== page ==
Capsule’s mission is “to advocate, educate, and legislate on behalf of people of all disabilities to have unlimited access to resources and support needed to achieve life!”

According to Capsule’s website, the business exists “For the Love of Advocacy! A Different way to Donate! Advocate, Educate, Legislate!”

By creating Capsule, Storey became the first Capsuler. Meet the rest of the Capsule team.

Register to Join Capsule and begin making your own capsule here.

Fill Your Capsule With Love. Launch.

Follow Your Capsule. It Will Be Loved.

Click here if you would you like to create your own capsule by donating the following for a person with a disability:

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For the Love of Advocacy, Follow Capsule on Facebook.

 

 

 

Who Ensures Deaf/Hard of Hearing Voting Access during Caucuses?

Disability advocates are working to ensure that people who are Deaf or Hard of Hearing can participate in the selection of presidential candidates for their political parties during the Iowa caucuses.

What’s a caucus?

Houston Texans and Miami Dolphins helmets on display in a football stadium.
Think of a caucus as playoffs leading to the teams that will play the Super Bowl-our one Democratic and Republican candidate for the presidential elections. photo credit: houston texans vs. miami dolphins via photopin (license)

According to LifeHacker, “Before a presidential candidate can be on the ballot for the general election, they have to win the approval and backing of their political party. Think of the caucuses and primaries as the NFL playoffs—with candidates dropping out after each round of voting—and the general election this fall is like the Super Bowl where (usually) two candidates go head to head…”

According to a report from RespectAbility, five people who are Deaf or Hard of Hearing have requested ASL and CART, or Communication Access Real-time Translation, to participate in the Iowa caucuses, when “Iowans will publicly pledge their support to one of the Democratic or Republican candidates and by the end of the evening, each county will have a winner.”

Because the caucuses selecting political party candidates aren’t government run, but are run by the state’s political parties, they don’t follow traditional election procedures to ensure voting access. Some caucuses are held in churches or individuals’ homes, complicating accessibility, according to the report.

Jane Hudson of Disability Rights Iowa, has helped empower Iowans of all abilities to participate in candidate selection through the caucuses, according to the report. Hudson has had conversations with the Democratic and Republican parties and helped secure ASL and CART for the five people requesting it.

ASL open mic, cross through picture of microphone and shows sign language instead
Having sign language interpreters at events ensures greater access for people who are Deaf to have their hands heard. photo credit: Poetic Vision via photopin (license)
The nonprofit organization is “part of a national network of protection and advocacy systems established in the 1970s by the U.S. Congress to respond to repeated abuse and neglect of individuals with disabilities in large institutions.”

According to RespectAbility report, “While there was discussion on who should pay for this [ASL and CART], the Iowa Democratic and Republican parties are footing the bill.”

Having CART at events ensures that people with hearing loss have another option. photo credit: CART captioning via photopin (license)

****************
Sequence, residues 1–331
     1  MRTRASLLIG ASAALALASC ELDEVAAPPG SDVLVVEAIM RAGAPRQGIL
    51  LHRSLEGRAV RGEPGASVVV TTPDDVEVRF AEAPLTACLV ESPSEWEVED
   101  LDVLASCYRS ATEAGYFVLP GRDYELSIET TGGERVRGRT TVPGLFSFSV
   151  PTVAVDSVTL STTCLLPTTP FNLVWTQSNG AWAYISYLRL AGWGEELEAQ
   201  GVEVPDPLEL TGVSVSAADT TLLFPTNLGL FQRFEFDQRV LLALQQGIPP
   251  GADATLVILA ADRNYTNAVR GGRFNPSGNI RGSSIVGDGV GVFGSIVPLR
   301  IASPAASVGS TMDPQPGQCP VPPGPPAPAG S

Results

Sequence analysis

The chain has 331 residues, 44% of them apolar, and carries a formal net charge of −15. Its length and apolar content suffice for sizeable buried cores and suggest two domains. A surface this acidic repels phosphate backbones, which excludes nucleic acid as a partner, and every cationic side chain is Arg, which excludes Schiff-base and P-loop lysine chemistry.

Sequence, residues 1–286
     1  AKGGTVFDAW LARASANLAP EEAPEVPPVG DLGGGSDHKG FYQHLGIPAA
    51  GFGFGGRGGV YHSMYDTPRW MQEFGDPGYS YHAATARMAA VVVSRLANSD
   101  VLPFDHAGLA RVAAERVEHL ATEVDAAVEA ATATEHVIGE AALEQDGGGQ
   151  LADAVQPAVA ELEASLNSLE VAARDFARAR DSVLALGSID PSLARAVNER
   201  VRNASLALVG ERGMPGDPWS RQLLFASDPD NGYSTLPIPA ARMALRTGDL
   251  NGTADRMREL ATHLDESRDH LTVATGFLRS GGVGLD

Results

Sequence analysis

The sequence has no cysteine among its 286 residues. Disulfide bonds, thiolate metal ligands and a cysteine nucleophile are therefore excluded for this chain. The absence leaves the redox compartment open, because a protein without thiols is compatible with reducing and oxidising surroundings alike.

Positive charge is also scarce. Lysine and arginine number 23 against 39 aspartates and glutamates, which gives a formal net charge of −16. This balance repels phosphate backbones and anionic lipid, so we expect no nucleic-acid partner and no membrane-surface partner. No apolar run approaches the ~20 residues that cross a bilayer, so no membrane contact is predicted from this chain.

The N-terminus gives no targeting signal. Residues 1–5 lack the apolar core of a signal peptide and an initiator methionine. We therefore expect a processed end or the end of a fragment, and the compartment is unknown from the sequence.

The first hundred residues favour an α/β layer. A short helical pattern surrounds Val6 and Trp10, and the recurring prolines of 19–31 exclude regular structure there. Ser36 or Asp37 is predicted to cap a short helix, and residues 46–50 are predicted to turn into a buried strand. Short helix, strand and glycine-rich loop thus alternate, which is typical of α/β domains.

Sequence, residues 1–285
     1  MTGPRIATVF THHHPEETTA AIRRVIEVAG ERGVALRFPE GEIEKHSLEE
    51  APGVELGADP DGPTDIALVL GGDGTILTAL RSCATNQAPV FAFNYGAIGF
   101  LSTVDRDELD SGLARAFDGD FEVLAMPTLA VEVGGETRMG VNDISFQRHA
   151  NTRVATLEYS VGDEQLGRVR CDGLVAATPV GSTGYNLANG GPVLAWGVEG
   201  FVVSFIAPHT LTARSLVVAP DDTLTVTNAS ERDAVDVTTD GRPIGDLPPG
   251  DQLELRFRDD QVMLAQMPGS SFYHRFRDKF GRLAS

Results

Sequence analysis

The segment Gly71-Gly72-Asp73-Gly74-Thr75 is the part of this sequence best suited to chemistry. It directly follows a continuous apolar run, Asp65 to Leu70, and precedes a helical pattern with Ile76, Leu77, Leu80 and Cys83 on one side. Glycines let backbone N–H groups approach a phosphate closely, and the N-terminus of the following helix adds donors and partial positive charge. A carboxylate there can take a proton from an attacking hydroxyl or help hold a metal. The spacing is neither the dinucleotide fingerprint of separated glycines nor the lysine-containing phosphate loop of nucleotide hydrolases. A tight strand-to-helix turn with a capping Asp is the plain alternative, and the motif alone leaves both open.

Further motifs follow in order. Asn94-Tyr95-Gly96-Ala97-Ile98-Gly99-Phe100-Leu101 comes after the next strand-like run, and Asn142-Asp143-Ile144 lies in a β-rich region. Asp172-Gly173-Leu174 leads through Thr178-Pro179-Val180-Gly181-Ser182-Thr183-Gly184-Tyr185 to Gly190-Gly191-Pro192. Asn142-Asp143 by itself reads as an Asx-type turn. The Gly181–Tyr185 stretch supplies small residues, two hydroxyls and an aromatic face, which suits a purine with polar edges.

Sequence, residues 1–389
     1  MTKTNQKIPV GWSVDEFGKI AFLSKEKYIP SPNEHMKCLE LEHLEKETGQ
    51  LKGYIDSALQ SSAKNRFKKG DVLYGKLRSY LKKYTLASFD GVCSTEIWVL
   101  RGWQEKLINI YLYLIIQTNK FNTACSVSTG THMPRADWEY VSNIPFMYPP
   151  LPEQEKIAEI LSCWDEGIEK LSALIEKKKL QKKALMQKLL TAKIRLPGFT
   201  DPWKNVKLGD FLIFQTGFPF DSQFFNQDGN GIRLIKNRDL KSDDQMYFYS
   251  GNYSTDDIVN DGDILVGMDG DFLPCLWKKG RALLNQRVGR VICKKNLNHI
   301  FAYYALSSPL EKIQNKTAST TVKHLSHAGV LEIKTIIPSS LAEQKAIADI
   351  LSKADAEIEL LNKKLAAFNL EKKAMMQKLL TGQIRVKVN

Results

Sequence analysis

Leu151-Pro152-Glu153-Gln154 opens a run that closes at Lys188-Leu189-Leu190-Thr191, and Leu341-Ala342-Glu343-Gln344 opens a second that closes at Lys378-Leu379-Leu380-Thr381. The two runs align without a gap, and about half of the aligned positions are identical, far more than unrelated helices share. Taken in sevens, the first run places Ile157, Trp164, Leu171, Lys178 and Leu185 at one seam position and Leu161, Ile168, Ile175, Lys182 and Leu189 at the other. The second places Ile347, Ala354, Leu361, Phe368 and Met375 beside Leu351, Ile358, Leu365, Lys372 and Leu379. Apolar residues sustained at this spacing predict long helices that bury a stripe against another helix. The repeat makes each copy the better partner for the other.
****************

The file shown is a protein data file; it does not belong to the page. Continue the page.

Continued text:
Having CART at events ensures that people with hearing loss have another option. photo credit: CART captioning via photopin (license)
The Iowa caucus will occur on Monday, Feb. 1, starting at 7 p.m. Central Time and lasting two or three hours. Results will be posted here.
Texas will not have caucuses, as it has had in the past, but will have a primary when voters determine which candidates gain their vote.
The Texas primary is on March 1 from 7 a.m.-7 p.m. Early voting begins on Tuesday, Feb. 16 and ends on Friday, Feb. 26.
 

 

Wheelchair Users Address the Dangers of Snow

According to an article on the JJ’s List blog, a woman who uses a wheelchair asks us to spread the word about the need to clear sidewalks of snow for wheelchair users.

Wheelchair symbol on street with snow depicts person being thrown from wheelchair.
One of the most dangerous obstacles for wheelchair users is snow. With the risk of going off course, getting stranded, or being pitched in the snow, winter travel for those using wheelchairs can be life threatening. photo credit: ramp via photopin (license)

Blogger Nura Aly lives in Illinois and uses a wheelchair. Though a city ordinance mandates businesses and residents shovel paths 36 inches wide on their sidewalks and curb cuts, not many people do it.

The situation is complicated when street snow plows move snow off the roads and into curb cuts, which are essential sidewalk entry/exit points for wheelchair users.

After a snowstorm, Aly thought she could get to work two days after the snow, but her mother and a stranger had to assist her when she got stuck in an alley.

“On Friday, six days removed from the last major storm and after dozens of phone calls by me and my loved ones to the office of my alderman, the sidewalks were finally cleared,” Aly said.

A video shows how difficult wheelchair navigation over the snow for someone who uses a wheelchair. With snow a few inches deep, her wheelchair slides to the side and doesn’t follow a straight path, which could cause the wheelchair user to plow into a post, wall, or even off the sidewalk.

Large sofa sits on a sidwalk next to the curb cut
Assuming that a sofa wasn’t blocking sidewalk access for wheelchair users, snow could block access to this curb cut. photo credit: sofafree, lowrider via photopin (license)

The Realities of Wheelchairs and Snow Days

Another blogger, Anita Cameron, said, “Often, folks who use wheelchairs get stuck in the snow and must depend on the kindness of strangers to rescue them. This has happened to me and many of my friends countless times.”

“People sometimes make glib comments – ‘stay at home,’ ‘get a power chair,’ ‘use para-transit.’ Staying at home isn’t a good idea when you work and bills must be paid. Even the most empathetic boss is going to eventually get tired of the ‘snow excuse’ and you’ll find yourself disciplined or terminated. Contrary to popular belief, a power wheelchair won’t get through six inches of snow, ice or slush – the wheels will simply spin uselessly,” Cameron said.

Cameron said that para-transit is for people who can’t otherwise access a public bus. Since many buses are now accessible, para-transit wouldn’t apply unless they weren’t near a bus stop. Sometimes, access to the bus stop is also blocked by snow, forcing wheelchair users to wait in the street. Cameron said this has resulted in police stops to understand why she was in the street.